Another book that explores and provides opportunities for discussions on empathy is The Tooth, written by Avi Slodovnick and illustrated by Manon Gauthier. Many of us remember with fondness the excitement of waiting for the tooth fairy. In this story, a girl named Marissa goes to the dentist for a toothache. On the way, she sees a homeless man sitting on a heating grate, with a shoebox open for money. Although she notices that most people, including her mother, avoid this man, the image of him haunts her even as her tooth is being pulled. On Marissa’s way home, her sense of empathy leads her to give the man her tooth and tell him that if he puts it under his pillow, the tooth fairy will come to bring him money. This endearing story would be useful in a classroom to discuss empathy and kindness. Marissa demonstrates the ability to put the needs of others over her own desires. Marissa’s selfless act encourages readers to consider the importance of helping others who are less fortunate than we are. In addition, students could be asked to think about key details in the text and how they, as the readers, and Marissa realized that the man was homeless. Doing so will help students think about the clues in a text and how they can lead us to understand what is implied. The simplicity of the story, juxtaposed with the complexity of the topic of homelessness, makes the book stand out as an insightful children’s book.

Appreciating our differences is explored in the story, Black Ear … Blonde Ear, by Haled Jumá, available at the International Children’s Digital Library. This tale focuses on two groups of cats: black and blonde. Separated by a physical and social barrier, the cats are constantly quarreling. When an unbiased gray cat becomes the ruler, he teaches the other cats a lesson about listening to one another. He tells the cats to take their ears off and they experience a time without being able to hear the mice that they hunt. Once both groups of cats are experiencing the same loss, they return to the ruler, frustrated with their struggle. When the gray cat returns their ears to them, however, he gives the blonde cats black ears and the black cats blonde ears. In this way, they are encouraged to listen to one another. The story ends with the gray cat reminding them that listening to each other will help solve their problems. Though complex in its symbolism, this story could be used in a classroom to encourage students to work through problems collaboratively, by listening to one another and accepting our differences. Additionally, the changing illustrations of this text could be discussed in a classroom to emphasize the dynamic character change of these cats. Students could be asked to recognize the difference between the arguing cats at the beginning, to the peaceful cats at the end. Not only do the cats have each others’ ears on, but they look happier too. Black Ears… Blonde Ears encourages students to listen to one another and see the benefits of understanding that, though we may look different, we may be more similar than we believe.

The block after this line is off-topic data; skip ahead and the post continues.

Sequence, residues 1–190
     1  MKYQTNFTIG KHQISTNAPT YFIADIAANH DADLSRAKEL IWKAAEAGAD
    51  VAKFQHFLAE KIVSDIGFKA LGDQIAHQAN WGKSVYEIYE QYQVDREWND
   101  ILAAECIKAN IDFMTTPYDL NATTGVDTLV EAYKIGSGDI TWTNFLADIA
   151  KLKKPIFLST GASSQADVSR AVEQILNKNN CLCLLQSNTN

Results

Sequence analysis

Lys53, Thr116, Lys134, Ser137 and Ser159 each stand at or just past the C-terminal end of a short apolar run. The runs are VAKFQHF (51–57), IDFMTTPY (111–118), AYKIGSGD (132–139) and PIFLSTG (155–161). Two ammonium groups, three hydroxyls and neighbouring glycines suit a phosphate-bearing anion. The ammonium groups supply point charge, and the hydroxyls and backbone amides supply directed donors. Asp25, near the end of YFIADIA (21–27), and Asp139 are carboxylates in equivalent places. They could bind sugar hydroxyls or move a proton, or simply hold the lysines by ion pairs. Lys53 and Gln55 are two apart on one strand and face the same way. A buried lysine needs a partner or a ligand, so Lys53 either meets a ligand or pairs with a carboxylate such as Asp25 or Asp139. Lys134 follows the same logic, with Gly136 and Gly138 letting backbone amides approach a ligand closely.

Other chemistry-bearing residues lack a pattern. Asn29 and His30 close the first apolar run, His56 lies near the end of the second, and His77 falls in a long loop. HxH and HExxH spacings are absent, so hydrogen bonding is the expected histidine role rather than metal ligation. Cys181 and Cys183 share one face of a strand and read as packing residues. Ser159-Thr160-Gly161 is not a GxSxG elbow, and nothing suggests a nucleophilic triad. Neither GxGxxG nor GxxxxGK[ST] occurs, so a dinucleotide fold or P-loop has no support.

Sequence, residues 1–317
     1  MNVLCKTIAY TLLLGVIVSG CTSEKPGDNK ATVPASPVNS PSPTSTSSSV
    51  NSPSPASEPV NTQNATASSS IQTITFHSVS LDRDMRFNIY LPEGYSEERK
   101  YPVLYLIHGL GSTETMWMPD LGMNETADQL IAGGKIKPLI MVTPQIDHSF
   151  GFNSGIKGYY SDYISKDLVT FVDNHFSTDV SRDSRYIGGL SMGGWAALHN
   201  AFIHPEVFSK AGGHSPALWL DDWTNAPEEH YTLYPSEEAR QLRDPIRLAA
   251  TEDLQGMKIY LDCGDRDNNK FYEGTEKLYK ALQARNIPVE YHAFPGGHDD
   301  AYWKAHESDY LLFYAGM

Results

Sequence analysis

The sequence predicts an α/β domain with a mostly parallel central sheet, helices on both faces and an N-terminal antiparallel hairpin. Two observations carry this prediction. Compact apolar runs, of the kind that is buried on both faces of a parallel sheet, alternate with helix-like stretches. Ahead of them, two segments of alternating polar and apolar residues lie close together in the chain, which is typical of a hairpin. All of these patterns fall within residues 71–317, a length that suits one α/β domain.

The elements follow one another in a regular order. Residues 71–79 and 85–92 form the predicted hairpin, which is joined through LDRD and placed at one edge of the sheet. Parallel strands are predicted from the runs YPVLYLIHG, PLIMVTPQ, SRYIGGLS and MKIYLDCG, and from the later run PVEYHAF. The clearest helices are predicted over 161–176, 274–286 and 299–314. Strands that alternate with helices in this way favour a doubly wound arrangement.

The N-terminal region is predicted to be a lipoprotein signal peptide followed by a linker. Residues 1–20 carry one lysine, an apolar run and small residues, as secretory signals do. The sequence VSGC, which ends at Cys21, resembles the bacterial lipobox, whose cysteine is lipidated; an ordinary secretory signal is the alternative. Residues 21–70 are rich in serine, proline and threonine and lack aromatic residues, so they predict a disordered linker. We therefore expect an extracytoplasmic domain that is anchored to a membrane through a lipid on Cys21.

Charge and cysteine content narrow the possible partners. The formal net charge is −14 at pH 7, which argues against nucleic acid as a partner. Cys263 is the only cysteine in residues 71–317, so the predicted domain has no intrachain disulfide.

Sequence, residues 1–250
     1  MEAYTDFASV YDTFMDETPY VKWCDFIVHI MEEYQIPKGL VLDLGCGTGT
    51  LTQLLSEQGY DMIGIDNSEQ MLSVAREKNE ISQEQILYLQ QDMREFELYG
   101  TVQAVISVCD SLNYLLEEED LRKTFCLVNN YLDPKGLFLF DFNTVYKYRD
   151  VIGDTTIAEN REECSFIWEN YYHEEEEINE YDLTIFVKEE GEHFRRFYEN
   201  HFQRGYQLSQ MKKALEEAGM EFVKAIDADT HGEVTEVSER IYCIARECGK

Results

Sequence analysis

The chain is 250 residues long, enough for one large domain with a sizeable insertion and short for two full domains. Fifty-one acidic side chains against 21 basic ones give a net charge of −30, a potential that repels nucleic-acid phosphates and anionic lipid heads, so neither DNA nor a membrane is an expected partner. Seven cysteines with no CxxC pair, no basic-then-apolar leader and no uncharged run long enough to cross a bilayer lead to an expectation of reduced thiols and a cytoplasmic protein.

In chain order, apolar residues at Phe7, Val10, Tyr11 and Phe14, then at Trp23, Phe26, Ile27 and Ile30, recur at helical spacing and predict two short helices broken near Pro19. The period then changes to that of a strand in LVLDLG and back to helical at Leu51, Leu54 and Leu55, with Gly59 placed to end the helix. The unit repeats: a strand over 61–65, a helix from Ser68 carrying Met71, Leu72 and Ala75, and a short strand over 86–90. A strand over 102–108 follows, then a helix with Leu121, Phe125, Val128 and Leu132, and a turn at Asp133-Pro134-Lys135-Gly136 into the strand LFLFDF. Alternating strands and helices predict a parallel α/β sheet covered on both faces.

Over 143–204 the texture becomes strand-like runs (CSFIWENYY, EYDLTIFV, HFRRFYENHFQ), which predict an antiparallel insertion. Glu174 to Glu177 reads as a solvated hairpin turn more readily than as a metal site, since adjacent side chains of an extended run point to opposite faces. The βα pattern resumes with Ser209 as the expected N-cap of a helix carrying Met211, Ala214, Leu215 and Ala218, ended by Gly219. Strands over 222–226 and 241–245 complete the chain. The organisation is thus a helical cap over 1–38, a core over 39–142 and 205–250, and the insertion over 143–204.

The last book I explored on the International Children’s Digital Library was Bakit Matagal ang Sundo Ko?, written by Kristine Canon and illustrated by Mariano Ching. This tale reflects on a concern that many children would relate to. In this story, a girl’s mother is late to pick her up from school, a situation that would clearly invoke panic and anxiety in a young mind. The girl begins to worry that her mother forgot her, but then she starts to imagine all of the funny situations that her mom could be in while she's trying to get to her! She imagines that her mom, stuck in traffic, must find an alternate mode of transportation to reach her child: via a turtle, elephant, whale, and eagle. This whimsical story could be very useful in a classroom. Not only is it entertaining in its humorous portrayal of a child’s worries, but it also provides reassurance. As the child imagines the mother’s crazy attempts to get to the school, the worries of this frightening situation are lost in the imaginative unfolding of the narrative, showing how imagination and creativity can ease anxiety when you are afraid. This story could be used to practice visualization, and the students could draw pictures of the crazy situations that she imagines her mom in. Students could be encouraged to use their imagination and be creative when telling or writing stories. Students could reflect on something they are afraid of and be encouraged to use their imagination to ease their anxiety. This book has won three awards for its bright and colorful illustrations that accompany a story that many young children can connect to.

These stories remind me of simple values that are universal. Around the world and for all time, empathy, perspective, and fear are themes that will always be relevant to developing children. Including this international literature in my class would not only teach these lessons, but also encourage students to think about the importance of listening and reading words from people around the world. 

Links to Some Great Books for Children

And for the Adult Book Lover in Your Life

(Even if it's you...)